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* Graphic: World FX rates in 2019 http://tmsnrt.rs/2egbfVh
* Investors focus on Britain's new prime minister
* Expectations for dovish ECB hurt euro
* Dollar little changed as rate cut expectations fluctuate
By Stanley White
TOKYO, July 23 (Reuters) - Sterling was on the back foot on Tuesday as investors worried Boris Johnson, the frontrunner to become the UK's next prime minister, would trigger a "hard Brexit" from the European Union, widely seen as a major risk for the British economy.
The euro traded near session lows due to growing expectations European Central Bank President Mario Draghi will signal a rate cut in September at a policy meeting later this week to keep inflation expectations on track.
In Asia, regional currencies were mostly beholden to moves in major global units though investors are watching for any developments in China-U.S. trade negotiations.
The dollar was hemmed in against other major currencies as expectations for a U.S. Federal Reserve rate cut next week sent Treasury yields lower.
Speculation over the likelihood of a no-deal Brexit and questions over how far major central banks will ease monetary policy are likely to set the tone for currency markets in coming weeks, traders and analysts said.
"Johnson is expected to become the new prime minister, so there is a real chance of a hard Brexit," said Takuya Kanda, general manager of research at Gaitame.Com Research Institute.
"In the short-term, further declines in the pound could be limited because positions are already very short. In the medium-term, sentiment for sterling will remain soft."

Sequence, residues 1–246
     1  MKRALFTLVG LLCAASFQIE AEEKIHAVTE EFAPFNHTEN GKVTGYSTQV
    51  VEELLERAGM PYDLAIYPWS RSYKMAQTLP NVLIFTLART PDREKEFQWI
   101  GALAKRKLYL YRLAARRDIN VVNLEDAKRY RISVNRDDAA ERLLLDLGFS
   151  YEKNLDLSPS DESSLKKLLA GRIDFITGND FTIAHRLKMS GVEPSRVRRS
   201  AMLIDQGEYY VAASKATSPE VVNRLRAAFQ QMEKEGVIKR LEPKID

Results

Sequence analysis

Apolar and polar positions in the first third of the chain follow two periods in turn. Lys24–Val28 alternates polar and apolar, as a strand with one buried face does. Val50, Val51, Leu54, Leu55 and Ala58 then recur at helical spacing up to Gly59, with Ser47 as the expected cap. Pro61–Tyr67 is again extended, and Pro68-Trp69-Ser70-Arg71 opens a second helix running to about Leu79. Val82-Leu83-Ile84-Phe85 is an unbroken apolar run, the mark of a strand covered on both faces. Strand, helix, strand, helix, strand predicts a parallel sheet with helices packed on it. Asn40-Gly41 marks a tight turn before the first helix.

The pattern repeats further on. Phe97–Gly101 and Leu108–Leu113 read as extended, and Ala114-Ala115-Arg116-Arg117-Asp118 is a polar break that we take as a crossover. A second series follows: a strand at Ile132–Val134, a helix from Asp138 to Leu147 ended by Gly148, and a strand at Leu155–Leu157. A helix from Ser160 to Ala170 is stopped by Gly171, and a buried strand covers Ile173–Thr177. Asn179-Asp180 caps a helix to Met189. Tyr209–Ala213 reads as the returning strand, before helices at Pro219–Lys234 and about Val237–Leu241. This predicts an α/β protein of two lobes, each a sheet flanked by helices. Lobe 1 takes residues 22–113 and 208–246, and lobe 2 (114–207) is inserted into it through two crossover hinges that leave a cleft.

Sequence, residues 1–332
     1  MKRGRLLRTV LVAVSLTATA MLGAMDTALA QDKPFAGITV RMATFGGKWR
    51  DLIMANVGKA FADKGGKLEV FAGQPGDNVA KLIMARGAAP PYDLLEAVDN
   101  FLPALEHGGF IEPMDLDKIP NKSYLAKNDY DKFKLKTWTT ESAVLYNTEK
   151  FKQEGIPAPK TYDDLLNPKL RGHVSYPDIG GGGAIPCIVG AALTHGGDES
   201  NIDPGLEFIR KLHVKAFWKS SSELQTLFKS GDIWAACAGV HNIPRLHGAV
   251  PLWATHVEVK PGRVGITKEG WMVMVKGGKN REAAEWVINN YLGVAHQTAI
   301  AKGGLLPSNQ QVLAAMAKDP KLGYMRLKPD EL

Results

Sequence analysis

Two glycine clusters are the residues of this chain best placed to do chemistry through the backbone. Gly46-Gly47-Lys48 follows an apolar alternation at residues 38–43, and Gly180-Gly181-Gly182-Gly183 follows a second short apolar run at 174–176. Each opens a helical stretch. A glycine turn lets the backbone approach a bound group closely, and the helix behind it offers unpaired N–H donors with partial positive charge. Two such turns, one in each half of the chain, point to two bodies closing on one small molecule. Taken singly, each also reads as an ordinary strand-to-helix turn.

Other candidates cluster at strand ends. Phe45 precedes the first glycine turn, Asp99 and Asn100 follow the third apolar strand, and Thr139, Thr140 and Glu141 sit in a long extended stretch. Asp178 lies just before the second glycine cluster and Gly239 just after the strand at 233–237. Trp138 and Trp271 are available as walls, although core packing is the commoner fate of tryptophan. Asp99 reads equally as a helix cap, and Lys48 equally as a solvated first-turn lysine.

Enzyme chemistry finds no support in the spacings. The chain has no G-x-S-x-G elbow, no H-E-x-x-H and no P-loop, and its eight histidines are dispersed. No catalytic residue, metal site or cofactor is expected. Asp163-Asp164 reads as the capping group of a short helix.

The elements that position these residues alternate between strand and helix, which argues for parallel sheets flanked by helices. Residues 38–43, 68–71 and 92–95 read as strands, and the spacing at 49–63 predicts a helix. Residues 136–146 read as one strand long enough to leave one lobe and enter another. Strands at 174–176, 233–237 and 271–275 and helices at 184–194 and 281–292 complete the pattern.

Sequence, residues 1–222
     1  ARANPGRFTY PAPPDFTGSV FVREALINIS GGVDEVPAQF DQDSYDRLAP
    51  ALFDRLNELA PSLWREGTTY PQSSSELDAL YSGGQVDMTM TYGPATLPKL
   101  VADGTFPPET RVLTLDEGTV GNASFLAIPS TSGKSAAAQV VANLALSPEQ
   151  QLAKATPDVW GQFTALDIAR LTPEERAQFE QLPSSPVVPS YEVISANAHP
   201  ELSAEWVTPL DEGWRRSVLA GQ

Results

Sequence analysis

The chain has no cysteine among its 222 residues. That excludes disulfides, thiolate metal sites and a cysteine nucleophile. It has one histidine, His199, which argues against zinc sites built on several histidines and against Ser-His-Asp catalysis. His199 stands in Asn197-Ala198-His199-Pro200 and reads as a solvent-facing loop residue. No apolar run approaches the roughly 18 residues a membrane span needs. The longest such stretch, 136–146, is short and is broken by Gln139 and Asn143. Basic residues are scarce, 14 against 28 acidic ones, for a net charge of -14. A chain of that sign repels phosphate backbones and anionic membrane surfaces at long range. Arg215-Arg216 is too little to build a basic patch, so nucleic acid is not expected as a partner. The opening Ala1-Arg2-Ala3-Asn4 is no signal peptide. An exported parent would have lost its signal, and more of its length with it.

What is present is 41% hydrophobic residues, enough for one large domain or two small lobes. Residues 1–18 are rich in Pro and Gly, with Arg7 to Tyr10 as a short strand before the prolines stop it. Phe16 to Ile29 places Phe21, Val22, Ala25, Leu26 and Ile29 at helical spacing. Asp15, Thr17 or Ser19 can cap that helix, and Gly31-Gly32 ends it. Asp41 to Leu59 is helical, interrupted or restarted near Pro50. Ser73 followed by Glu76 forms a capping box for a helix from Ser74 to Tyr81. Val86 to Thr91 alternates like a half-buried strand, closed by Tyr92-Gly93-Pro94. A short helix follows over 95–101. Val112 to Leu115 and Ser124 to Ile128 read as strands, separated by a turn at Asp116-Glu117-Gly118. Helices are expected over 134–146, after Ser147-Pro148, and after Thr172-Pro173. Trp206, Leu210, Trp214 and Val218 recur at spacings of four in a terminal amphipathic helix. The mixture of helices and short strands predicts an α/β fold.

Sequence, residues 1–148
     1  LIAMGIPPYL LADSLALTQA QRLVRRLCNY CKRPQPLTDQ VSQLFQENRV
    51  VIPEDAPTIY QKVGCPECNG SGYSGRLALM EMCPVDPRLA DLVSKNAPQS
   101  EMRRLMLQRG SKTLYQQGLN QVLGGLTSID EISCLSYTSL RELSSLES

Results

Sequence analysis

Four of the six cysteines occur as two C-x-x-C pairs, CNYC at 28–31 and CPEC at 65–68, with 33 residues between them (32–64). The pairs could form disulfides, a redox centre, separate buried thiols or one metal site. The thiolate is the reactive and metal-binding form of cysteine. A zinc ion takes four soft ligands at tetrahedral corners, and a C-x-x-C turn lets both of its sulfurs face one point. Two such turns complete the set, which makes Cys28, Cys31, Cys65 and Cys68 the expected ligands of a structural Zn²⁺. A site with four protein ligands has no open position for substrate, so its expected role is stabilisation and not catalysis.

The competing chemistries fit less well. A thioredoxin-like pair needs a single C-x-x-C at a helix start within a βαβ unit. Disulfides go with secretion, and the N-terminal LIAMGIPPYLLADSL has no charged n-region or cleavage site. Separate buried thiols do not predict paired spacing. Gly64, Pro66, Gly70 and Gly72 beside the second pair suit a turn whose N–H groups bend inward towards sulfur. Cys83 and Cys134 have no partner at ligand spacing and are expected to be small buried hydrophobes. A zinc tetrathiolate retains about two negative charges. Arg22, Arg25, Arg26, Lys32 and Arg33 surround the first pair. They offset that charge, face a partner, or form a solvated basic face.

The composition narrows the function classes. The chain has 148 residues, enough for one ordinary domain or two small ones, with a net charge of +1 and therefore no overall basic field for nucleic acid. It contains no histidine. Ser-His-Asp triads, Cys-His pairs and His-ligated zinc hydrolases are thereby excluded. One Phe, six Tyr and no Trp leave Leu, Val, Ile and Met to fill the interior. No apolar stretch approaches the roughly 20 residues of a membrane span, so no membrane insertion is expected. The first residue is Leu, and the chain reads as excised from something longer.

The pound traded at $1.2477, within striking distance of a 27-month low of $1.2382 reached last week.
Sterling has fallen 3.5% versus the dollar in the past three months due to uncertainty about how Britain will avoid a no-deal exit from the EU.
Britain's Conservative Party will announce the results of a leadership election on Tuesday, with Johnson widely expected to win, setting him up to become prime minister on Wednesday.
There is growing speculation Johnson will pull Britain out of the EU on Oct. 31 without a trade deal in place.
Hedge funds have increased short positions on the pound to a 10-month high in the week to July 16, Commodity Futures Trading Commission data shows.
The euro held steady at $1.1208 as traders awaited the ECB's policy meeting and Draghi's comments at a press conference on Thursday.
Traders see a 43% probability that European policymakers will lower a key deposit rate by 10 basis points to minus 0.50% to combat risk from global trade tensions.
Economists surveyed by Reuters expect the ECB to change its forward guidance to pave the way for a rate cut in September.
The dollar was little changed at 107.91 yen. The dollar index was marginally higher at 97.314.
The U.S. central bank is widely expected to lower its target range of 2.25%-2.50% by 25 basis points at a meeting ending July 31, but expectations for a larger 50-basis point cut have waxed and waned due to mixed signals from Fed policymakers. (Reporting by Stanley White; Editing by Sam Holmes)